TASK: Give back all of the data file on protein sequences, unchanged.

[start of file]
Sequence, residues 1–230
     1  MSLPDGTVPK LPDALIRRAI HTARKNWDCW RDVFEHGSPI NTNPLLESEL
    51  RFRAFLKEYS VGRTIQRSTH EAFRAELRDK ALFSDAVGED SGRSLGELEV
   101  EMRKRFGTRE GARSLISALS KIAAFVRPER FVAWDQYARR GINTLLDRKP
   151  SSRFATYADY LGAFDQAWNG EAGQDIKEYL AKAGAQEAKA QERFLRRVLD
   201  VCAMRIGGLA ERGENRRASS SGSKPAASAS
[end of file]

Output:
Sequence, residues 1–230
     1  MSLPDGTVPK LPDALIRRAI HTARKNWDCW RDVFEHGSPI NTNPLLESEL
    51  RFRAFLKEYS VGRTIQRSTH EAFRAELRDK ALFSDAVGED SGRSLGELEV
   101  EMRKRFGTRE GARSLISALS KIAAFVRPER FVAWDQYARR GINTLLDRKP
   151  SSRFATYADY LGAFDQAWNG EAGQDIKEYL AKAGAQEAKA QERFLRRVLD
   201  VCAMRIGGLA ERGENRRASS SGSKPAASAS